Non-competition agreements in employment contract and shareholders’ agreement
In a limited liability company, it is in the interest of the company and its shareholders that the shareholders working for the company do not engage in competing activities with the company. It is also in the interest of the company that its employees do not engage in activities that compete with the company’s business. On the other hand, the right to earn a living through freely chosen work is one of the constitutionally protected rights, which can only be restricted by legislation. This imposes certain limitations to the extent to which non-competition agreements can be freely negotiated.
The Limited Liability Companies Act itself does not contain provisions that prohibit shareholders of the company from engaging in competing activities with the company. The Employment Contracts Act includes provisions regarding non-competition, but according to the law, incorporating these into an employment contract requires a particularly weighty reason. It is common for non-competition agreements among shareholders to be stipulated in a shareholders’ agreement.
It is quite common for companies to commit employees by granting them company shares through, for example, a share issue based on their employment. In this way, employees who become shareholders through the issuance of shares not only enter an employment contract but also become parties to a shareholders’ agreement that binds them.
Since the Employment Contracts Act, which applies to employment contracts, is an act that protects the position of employees and is partially mandatory, it is necessary to assess the extent to which the mandatory provisions of the Employment Contracts Act restrict the freedom of contract between shareholders. If a shareholder is in a regular employment relationship with the company, and a non-competition agreement has been agreed upon in the shareholders’ agreement, interpretation issues can easily arise regarding the extent to which such non-competition agreement binds the employee.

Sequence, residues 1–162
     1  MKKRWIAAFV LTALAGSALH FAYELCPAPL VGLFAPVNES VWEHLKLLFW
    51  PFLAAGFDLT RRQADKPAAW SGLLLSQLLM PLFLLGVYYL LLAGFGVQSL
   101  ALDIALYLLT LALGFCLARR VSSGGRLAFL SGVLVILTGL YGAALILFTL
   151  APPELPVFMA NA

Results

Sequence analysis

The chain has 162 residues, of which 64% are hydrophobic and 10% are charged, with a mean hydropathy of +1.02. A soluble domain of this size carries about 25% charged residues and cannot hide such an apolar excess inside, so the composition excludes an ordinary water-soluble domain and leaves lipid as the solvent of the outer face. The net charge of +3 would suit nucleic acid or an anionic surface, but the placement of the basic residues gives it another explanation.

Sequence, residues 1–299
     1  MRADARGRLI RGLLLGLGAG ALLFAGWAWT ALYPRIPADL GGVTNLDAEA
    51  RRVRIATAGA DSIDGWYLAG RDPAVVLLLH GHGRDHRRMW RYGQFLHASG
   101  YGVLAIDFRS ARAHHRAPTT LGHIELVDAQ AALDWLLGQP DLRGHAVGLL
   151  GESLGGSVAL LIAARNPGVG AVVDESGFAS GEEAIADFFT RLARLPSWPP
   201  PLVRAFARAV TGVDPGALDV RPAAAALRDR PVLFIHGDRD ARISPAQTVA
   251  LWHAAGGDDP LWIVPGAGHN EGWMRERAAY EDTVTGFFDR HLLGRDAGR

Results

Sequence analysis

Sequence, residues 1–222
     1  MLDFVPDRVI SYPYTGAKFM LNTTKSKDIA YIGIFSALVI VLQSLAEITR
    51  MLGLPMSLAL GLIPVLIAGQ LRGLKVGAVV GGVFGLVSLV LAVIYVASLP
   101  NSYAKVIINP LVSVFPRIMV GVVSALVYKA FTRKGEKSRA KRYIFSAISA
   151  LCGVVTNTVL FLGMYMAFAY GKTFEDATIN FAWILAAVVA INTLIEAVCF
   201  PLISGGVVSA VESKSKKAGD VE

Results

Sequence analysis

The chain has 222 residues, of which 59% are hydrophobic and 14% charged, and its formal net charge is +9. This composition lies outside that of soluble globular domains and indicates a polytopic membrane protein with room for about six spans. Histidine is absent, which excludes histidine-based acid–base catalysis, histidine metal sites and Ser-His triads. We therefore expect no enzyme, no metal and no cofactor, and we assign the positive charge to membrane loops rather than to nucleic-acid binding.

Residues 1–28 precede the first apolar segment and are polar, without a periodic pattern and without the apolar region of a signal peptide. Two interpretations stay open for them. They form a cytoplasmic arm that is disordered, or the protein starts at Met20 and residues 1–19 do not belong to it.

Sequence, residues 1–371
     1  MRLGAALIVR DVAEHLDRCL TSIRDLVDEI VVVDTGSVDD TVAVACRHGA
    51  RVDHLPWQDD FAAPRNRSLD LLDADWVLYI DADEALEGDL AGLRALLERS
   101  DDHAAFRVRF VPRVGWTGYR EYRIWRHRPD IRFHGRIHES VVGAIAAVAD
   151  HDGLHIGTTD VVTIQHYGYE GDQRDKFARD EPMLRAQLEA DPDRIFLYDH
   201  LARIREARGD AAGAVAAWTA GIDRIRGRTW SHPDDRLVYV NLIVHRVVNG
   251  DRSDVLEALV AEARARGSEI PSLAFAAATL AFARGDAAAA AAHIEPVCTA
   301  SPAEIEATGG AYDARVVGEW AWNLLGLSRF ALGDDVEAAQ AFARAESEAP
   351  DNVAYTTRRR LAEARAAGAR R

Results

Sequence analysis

General information about non-compete clauses
Non-competition agreements can be categorised based on their temporal dimension into restrictions related to the duration of the contractual relationship and post-contractual non-competition agreements binding the parties after the termination of the contract. Provisions regarding the duration of the agreement or post-agreement periods related to non-compete clauses cannot be derived from the Limited Liability Companies Act, whereas the Employment Contracts Act directly regulates non-compete clauses during the validity of an employment relationship. Due to the loyalty obligation incorporated into the Employment Contracts Act, employees shall not do work for another party or engage in such activity that would, taking the nature of the work and the individual employee’s position into account, cause manifest harm to their employer as a competing activity contrary to fair employment practices. Because of the mandatory nature of the Employment Contracts Act, this provision regarding non-competition agreements during the employment relationship automatically binds a shareholder who is also an employee of the company.
In shareholders’ agreements, the validity of non-compete clauses is tied to share ownership, while in an employment contract, the validity of a non-compete clause is linked to the duration of the employment relationship. The temporal duration of non-compete clauses in shareholder agreements after the termination of the contract typically ranges from one to three years. The Employment Contracts Act sets a time limit of 12 months after the termination of the employment for non-competition agreements, and incorporating a non-compete clause into an employment contract requires particularly weighty reasons.
It is common for post-termination non-competition agreements, in particular, to be associated with more legal challenges than non-competition agreements during the term of the contract. In addition to the temporal dimension of the non-compete clause, it is advisable to precisely define the geographical scope and the scope of competing activity in the agreement governing the non-compete clause.
Non-compete clauses in employment contracts